Morrisons overtakes Asda as Big Four cheapest
Morrisons is expected to report an improvement in underlying sales when it reports annual results on Thursday.
The newly reinstated FTSE 100 firm has been working hard to cut prices and restore its former reputation as being one of the cheapest on the high street.
According to the latest Which? report, Morrisons has overtaken Asda as the cheapest main supermarket following Morrisons’ 1,000 price cuts earlier this year.
Which? said Morrisons unseated long standing champion Asda, which has been cheapest every month since it started tracking in July 2013.
Morrisons is expected to report a 2.1 per cent decline in like-for-like annual sales on Thursday, a marked improvement on the 5.9 per cent fall in 2014.
However its financial performance will remain under pressure, with underlying pre-tax profits predicted to fall for the full year to £307m, down from £345m in 2014, as fierce competition in the UK grocery sector continues to bite.
The group said it would also be hit by £60m of restructuring costs from store closures and axing around 700 jobs at its head office under chief executive David Potts.
Shore Capital analyst Clive Black said the grocery sector looks set to “remain intense” in the months ahead, with major stores continuing to cut prices on fresh and chilled foods as German discounters Aldi and Lidl continue to threaten their market share.
It comes after Morrisons surprised the market over Christmas by reporting a 0.2 per cent rise in like-for-like festive sales.
Since then, it has pressed ahead with plans to move the business on to firmer financial ground, announcing a trade tie-up with online retailer Amazon and price cuts on more than 1,000 products.
Morrisons said the supply deal will give Amazon customers access to fresh and frozen products by providing hundreds of items through its food delivery service Amazon Pantry and its subscriber service Amazon Prime Now.
Mr Black at Shore Capital said: “Morrisons continues to pleasantly surprise us. The group is seeking to self-improve within tight capital controls. It is a long journey but travel has commenced.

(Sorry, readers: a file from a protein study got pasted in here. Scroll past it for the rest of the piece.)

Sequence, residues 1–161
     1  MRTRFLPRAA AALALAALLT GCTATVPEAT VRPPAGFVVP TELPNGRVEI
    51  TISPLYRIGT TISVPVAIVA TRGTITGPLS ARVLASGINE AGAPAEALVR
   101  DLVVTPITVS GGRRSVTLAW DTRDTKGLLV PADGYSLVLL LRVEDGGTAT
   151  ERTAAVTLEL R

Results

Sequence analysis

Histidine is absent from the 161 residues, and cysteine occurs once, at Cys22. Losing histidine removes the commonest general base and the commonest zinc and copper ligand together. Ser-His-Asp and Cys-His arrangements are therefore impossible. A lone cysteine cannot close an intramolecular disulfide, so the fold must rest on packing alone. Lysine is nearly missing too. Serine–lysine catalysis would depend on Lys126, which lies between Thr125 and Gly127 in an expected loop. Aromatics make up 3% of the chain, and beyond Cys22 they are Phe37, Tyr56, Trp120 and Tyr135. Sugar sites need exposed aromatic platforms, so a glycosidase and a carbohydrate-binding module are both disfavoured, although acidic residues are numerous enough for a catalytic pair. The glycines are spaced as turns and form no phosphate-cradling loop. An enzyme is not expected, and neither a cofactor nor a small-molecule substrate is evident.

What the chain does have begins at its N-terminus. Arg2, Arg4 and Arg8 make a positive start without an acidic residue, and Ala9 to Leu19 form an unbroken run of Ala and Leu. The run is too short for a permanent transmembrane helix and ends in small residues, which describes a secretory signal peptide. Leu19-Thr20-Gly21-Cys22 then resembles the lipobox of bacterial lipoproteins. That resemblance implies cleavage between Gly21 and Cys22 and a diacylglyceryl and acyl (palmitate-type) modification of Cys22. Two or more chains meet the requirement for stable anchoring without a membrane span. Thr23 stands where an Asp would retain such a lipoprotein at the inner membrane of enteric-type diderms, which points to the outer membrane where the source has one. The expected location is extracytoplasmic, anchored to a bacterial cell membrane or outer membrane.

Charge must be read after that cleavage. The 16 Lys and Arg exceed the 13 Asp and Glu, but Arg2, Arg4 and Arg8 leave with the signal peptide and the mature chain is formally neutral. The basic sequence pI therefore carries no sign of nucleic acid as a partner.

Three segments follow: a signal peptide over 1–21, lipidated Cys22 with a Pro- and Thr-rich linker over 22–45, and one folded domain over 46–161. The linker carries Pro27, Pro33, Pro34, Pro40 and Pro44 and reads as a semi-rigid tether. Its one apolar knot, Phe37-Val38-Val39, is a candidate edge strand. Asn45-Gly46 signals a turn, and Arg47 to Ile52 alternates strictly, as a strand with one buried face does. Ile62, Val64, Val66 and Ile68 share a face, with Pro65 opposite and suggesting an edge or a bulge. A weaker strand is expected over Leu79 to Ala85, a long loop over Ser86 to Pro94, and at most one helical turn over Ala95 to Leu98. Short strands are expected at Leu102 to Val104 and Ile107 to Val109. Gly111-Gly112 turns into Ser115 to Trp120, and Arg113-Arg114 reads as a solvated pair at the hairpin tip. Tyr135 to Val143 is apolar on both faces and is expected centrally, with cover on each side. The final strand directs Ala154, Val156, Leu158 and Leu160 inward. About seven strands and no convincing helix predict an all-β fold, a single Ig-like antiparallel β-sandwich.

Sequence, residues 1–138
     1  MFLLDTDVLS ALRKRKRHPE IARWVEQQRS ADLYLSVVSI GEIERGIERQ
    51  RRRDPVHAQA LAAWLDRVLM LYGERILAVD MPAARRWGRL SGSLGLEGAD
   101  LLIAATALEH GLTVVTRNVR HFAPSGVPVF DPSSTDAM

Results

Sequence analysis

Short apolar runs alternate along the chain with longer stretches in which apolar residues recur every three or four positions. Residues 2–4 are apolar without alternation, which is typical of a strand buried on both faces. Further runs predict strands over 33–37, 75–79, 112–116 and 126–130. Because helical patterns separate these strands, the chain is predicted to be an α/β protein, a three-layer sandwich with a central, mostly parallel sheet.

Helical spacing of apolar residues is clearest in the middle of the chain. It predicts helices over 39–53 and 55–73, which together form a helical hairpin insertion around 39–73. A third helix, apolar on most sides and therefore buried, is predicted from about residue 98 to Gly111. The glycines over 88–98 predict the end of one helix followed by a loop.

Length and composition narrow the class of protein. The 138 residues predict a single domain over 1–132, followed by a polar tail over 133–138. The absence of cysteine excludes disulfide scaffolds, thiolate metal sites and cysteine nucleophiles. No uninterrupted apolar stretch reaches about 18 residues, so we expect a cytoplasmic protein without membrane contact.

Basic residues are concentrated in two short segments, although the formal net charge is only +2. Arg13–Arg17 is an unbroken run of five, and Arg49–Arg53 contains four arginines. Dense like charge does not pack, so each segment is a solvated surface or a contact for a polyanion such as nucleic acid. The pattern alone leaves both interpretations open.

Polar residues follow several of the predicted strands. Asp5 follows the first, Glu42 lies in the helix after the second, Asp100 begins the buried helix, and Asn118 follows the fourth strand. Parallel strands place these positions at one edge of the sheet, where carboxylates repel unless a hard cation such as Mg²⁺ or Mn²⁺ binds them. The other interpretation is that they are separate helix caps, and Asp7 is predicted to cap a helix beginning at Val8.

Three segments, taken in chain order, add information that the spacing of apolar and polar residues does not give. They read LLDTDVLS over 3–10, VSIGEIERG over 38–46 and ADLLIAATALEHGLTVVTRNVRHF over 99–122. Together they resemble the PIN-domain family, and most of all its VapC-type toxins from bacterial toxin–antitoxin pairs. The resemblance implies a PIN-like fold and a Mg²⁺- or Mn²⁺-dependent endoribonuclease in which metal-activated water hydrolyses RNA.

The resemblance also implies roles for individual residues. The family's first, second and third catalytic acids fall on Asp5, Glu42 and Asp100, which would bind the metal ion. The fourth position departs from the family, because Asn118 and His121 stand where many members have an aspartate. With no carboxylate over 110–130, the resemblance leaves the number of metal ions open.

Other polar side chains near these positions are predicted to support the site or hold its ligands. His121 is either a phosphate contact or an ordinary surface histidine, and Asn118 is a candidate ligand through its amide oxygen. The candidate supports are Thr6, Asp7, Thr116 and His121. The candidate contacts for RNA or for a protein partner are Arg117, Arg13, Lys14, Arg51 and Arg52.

“Operational improvement should lead to free cash generation that shareholders can expect in time to receive in our view. We expect chief financial officer, Trevor Strain, to embellish the group’s finance and balance sheet strategy a little more at the group’s preliminary results on March 10. We now wait to see how the tie-up with Amazon builds.”
Morrisons said it would also boost its website after agreeing a deal in principle with online grocery retailer Ocado. Morrisons said it would take up space at Ocado’s new customer fulfilment centre in London, in a move to “sell to customers all over Great Britain”.
But it said the agreement is subject to terms and would only be agreed if Morrisons achieves profitable growth online.
Morrisons signed a £170m contract with Ocado in 2013, providing the supermarket with its first online delivery service.
Analyst James Collins at Stifel said: “Having stopped the rot and improved standards in stores, the Morrisons management team has moved effectively to expand the geographic reach of its .com business to a more credible level. Another tick in the box of sensible management moves.
“Out of the leftfield, it has also announced a deal to wholesale to Amazon. Of the big four, Morrisons most certainly has the least to lose from giving Amazon a kick-start for its UK grocery ambitions and will additionally benefit from capital-light growth and a wider brand reach.”